Tuesday, 28 October 2014

Croatia - Dubrovnik

We spent a little longer in Dubrovnik, so it was nice to have some relatively relaxing time. Still, we kept busy with a walk on the town walls around the old city, a guided walking tour (we were the only customers, so we had a private tour), a trip up above the city on the cable car, and a trip to Lokrum Island, a 10 minute boat ride away from Dubrovnik but a world away from the city. Lokrum has more peacocks and peahens than I have ever seen in one place, and they are completely unafraid of people.

The old city's streets are made of polished limestone. They are very clean and very shiny and look like they would be very slippery when wet. Luckily it didn't rain on us! We quickly learned that Dubrovnik is best enjoyed starting in the afternoon. The cruise ships come in in the morning and can add several thousand tourists each to the streets. But for the most part, cruise passengers have to be back on board by early afternoon, leaving things fairly peaceful. 

Stradum
Stradum at night

Walking along the wall. 



Gail was the only one brave enough to try a swim!


Dubrovnik from Lokrum Island
The old port of Dubrovnik

Dubrovnik was heavily shelled the winter of 1991-1992. According to our tour guide, everyone had believed up until that point that the old city would be respected and not targeted. Two-thirds of the buildings and many of the streets in the old city were damaged in the war, but virtually everything has been repaired. Even the buildings completely burned out have been rebuilt, with craftsmen using old techniques and original materials where possible. I had been worried that maybe it wouldn't be as I'd long heard it described, but other than some shrapnel marks on a few buildings and a map depicting the damage you'd be hard pressed to know that anything had happened. Our tour guide told us a little of what it had been like, cut off from the rest of Croatia, seeing their old town bombed, living without water or electricity.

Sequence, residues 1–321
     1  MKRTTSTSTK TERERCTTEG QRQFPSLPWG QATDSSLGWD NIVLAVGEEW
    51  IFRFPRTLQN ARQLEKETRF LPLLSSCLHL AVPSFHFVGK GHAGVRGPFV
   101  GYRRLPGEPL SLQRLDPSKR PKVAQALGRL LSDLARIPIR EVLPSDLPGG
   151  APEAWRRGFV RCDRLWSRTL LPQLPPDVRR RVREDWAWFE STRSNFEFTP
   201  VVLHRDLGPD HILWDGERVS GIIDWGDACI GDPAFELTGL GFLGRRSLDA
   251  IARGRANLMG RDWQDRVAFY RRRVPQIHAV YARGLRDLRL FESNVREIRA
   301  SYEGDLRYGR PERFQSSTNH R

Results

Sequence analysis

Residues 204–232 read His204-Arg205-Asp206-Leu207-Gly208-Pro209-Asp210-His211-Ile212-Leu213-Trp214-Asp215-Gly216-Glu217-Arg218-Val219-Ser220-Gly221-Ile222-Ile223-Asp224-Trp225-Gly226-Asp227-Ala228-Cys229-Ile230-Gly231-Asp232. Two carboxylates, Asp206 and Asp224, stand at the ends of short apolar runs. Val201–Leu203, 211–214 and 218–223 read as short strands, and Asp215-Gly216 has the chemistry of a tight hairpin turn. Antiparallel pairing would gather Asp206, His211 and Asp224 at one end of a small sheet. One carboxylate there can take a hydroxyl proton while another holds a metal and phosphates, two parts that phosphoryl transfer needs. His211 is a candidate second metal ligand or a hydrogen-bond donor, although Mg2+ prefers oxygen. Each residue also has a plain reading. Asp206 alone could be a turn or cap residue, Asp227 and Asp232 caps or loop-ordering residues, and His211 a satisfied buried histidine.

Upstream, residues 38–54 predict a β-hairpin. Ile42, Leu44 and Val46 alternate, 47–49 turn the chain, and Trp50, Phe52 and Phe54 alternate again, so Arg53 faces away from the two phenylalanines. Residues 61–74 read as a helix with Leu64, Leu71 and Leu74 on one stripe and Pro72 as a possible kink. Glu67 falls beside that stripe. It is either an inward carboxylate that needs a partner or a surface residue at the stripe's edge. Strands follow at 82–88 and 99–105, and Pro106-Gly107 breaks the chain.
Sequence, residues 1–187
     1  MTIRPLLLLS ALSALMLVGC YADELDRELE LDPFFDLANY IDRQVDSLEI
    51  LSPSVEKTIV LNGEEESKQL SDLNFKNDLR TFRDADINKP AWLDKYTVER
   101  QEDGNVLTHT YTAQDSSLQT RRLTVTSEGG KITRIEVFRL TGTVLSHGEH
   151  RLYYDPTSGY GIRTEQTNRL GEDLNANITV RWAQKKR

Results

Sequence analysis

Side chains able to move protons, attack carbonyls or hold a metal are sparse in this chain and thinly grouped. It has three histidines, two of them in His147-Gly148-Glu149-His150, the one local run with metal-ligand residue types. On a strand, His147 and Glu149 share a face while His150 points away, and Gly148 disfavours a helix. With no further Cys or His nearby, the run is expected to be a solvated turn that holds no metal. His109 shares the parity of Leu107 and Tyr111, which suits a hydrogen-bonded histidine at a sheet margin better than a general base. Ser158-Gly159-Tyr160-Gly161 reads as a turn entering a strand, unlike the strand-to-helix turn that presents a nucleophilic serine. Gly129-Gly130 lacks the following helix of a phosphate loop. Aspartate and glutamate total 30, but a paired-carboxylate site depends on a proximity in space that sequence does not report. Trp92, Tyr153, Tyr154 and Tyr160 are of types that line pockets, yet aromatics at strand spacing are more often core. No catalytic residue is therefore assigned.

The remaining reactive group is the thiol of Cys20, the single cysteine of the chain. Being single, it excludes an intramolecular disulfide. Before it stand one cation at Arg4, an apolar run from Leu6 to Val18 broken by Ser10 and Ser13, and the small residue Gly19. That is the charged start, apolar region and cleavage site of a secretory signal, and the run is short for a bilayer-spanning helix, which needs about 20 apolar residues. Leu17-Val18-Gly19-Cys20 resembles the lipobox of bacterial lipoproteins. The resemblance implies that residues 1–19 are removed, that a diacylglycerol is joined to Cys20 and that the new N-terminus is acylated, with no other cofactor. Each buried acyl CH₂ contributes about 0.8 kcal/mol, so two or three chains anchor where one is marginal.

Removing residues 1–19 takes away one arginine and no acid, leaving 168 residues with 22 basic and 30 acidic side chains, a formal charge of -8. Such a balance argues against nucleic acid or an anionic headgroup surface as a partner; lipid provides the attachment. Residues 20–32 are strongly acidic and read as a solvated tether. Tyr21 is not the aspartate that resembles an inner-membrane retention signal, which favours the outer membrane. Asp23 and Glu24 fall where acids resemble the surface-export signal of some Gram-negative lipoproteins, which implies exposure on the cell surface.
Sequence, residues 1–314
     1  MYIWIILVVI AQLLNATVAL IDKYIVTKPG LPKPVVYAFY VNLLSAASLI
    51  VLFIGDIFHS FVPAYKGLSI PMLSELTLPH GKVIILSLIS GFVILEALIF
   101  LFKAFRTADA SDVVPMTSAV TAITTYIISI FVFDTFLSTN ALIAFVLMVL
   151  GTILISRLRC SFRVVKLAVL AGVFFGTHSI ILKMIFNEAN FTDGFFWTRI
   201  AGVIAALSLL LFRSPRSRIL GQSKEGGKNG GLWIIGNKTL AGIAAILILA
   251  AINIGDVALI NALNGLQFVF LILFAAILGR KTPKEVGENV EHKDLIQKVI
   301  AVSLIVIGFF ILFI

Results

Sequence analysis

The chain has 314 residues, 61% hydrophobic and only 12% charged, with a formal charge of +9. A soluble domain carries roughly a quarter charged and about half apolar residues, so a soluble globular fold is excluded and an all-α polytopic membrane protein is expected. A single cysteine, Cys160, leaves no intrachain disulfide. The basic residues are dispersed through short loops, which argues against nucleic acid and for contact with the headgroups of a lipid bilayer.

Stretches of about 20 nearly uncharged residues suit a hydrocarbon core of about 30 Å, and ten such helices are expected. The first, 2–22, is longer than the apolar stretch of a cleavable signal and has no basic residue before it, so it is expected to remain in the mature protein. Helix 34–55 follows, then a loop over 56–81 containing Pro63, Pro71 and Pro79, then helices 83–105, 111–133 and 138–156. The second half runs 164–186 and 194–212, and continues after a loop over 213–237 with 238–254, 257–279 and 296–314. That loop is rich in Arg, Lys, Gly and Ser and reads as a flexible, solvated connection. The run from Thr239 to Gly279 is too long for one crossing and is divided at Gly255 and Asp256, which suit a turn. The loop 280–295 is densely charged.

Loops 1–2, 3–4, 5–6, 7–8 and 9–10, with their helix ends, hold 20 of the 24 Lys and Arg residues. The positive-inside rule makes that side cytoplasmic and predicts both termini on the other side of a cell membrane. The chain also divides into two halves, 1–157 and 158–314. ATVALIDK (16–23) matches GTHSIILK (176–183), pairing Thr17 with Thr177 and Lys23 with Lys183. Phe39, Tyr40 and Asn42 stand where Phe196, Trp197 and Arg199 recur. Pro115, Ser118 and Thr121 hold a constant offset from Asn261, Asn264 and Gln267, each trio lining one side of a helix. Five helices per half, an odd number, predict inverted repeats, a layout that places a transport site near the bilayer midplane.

One of the museums we visited was a war photography exhibition. It had some pictures from the wars in Croatia and the other parts of the former Yugoslavia, but also many from African conflicts and some from the Israeli/Palestinian conflicts. Many, many pictures of children involved in wars as victims, combatants, or both. We skipped another war museum, mainly because the entrance description was all about the heroism of the Croatians and the villainy of the Serbs. Things are rarely that black and white, and evidence abounds that there were atrocities on all sides. According to our guide book Croats and Serbs are ethnically identical: the only differences are religion (Catholic vs. Serbian Orthodox) and language (though the languages are closely related). We noticed on our drive from Plitvice Lakes toward the coast that virtually every small town had a ruin of a church. I wish I had some way of finding out whether that resulted from a natural shift of population away from small towns or if those Catholic churches were targeted during the war.